Then there's the big picture, though, in which resources potentially need to be reserved for next winter's Bryce Harper sweepstakes and for the day when the team's young position players are ready to hit free agency. In other words, it's a tricky puzzle and one not solved easily.

But maybe the best way to fill the Arrieta-sized hole in the starting rotation is with Arrieta himself. It seems the Cubs are willing if the price is right.

SportsTalk Live Podcast: Is Albert Almora Jr. ready for an everyday spot in the lineup?

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USA TODAY

SportsTalk Live Podcast: Is Albert Almora Jr. ready for an everyday spot in the lineup?

In this episode of the SportsTalk Live Podcast, Adam Jahns (Chicago Sun-Times), Connor McKnight (670 The Score) and Phil Thompson (Chicago Tribune) join David Kaplan on the panel.

The Cubs offense comes alive with Albert Almora, Jr. leading off. Is it time to make him the everyday centerfielder? 

Plus Mitch Trubisky says this week’s minicamp is the most he’s been coached in his career. So how long will it take him to master Matt Nagy’s new offense?

Listen to the full episode at this link or in the embedded player below:

As Cubs search for rhythm, hold the declarations on this season for a while

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USA TODAY

As Cubs search for rhythm, hold the declarations on this season for a while

Jed Hoyer is right: You can't make any claims about these Cubs one way or the other.

It's too early and the weather/schedule has been far too wacky for any strong statements about who, exactly, the 2018 Cubs are. 

"I don't think you can really evaluate much so far," Hoyer said. "There's no rhythm to the season yet. The game's been played in terrible condition for the most part.

"Positively or negatively, I don't think you can draw big conclusions based on what's happened. ... There's a lot of games to be played. We'll forget this time quickly and remember what it's like to be in [Wrigley] when it's not freezing. It's been a little choppy and hard to evaluate, for sure."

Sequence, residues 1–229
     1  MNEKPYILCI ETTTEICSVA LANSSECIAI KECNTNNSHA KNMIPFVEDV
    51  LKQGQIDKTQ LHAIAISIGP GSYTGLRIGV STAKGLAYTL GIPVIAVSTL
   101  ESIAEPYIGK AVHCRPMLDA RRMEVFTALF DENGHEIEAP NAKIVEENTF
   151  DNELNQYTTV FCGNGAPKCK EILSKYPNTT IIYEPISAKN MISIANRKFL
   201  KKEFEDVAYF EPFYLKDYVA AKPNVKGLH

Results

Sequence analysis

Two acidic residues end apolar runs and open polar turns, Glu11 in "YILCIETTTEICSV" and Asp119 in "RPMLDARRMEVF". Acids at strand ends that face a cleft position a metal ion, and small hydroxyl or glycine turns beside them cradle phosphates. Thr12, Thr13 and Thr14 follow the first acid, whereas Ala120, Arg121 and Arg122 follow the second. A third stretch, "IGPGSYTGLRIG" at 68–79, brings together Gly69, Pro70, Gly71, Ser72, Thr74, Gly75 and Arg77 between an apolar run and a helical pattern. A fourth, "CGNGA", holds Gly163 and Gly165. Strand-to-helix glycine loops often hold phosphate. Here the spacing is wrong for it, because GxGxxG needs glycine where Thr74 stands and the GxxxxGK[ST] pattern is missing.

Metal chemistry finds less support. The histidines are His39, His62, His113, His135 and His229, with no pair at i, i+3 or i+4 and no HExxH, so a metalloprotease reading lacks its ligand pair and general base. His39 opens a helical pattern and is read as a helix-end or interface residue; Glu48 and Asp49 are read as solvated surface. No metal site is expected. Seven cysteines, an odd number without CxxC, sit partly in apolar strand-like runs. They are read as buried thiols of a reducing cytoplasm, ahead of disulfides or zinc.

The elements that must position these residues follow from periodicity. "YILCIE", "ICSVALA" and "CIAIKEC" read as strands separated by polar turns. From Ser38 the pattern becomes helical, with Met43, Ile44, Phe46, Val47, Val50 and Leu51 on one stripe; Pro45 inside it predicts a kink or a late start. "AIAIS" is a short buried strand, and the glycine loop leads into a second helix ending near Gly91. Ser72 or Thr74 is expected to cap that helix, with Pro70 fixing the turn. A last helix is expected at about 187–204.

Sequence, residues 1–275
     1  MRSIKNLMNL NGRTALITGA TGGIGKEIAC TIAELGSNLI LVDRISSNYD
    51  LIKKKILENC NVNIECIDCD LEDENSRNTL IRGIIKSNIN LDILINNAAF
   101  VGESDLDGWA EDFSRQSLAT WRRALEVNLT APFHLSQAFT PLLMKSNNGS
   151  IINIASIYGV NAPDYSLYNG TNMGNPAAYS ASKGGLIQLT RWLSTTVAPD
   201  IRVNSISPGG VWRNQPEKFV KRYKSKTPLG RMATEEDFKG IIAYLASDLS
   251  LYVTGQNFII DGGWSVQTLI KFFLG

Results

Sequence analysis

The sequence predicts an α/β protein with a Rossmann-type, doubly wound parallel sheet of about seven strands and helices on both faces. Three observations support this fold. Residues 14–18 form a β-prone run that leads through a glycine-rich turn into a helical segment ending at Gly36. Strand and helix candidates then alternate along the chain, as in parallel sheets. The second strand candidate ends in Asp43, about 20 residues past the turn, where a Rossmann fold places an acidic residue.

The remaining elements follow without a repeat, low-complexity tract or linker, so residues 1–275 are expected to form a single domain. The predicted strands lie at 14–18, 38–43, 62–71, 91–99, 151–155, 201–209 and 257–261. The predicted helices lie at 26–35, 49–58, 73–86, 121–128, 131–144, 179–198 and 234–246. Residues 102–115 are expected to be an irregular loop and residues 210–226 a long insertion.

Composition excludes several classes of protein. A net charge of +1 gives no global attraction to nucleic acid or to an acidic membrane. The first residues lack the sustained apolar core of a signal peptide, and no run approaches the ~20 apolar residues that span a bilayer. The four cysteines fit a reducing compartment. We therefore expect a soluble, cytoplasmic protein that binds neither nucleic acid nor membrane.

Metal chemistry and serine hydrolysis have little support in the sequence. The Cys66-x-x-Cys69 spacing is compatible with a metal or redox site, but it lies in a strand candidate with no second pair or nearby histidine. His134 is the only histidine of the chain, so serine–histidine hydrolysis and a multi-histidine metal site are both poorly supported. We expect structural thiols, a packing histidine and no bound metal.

You can shout "SMALL SAMPLE SIZE" from the Wrigleyville rooftops all you'd like, but that's not even why it's impossible to draw conclusions about the identity of this team.

The 8-8 Cubs have already had five postponements due to weather to start the 2018 season, including four on the recent homestand (and a makeup game on Thursday, which was originally scheduled as a travel day). The last time this franchise had five games in April called on account of weather was back in 1967 and there are still another 10 days left in the month for the weather to possibly mess with. 

This will surely go down as one of the oddest starts to a season in Cubs history, with a 17-inning game played on the second day of the year, followed by a 10-inning game the next day. The Cubs were supposed to start the campaign with six straight games, but the last contest in Cincinnati was postponed, so they got an impromptu two-day break, which was good at the time for Anthony Rizzo to rest his ailing back and the bullpen to catch their breath.

After a four-game series in Milwaukee's domed stadium in which the Cubs finally looked to be showing some rhythm, the weather reared its ugly head again.

The 11-day homestand featured four postponed games, maybe the worst weather game in Wrigley Field history (Saturday) and yet another impromptu two-day break. This week alone, the Cubs played two games in a five-day span.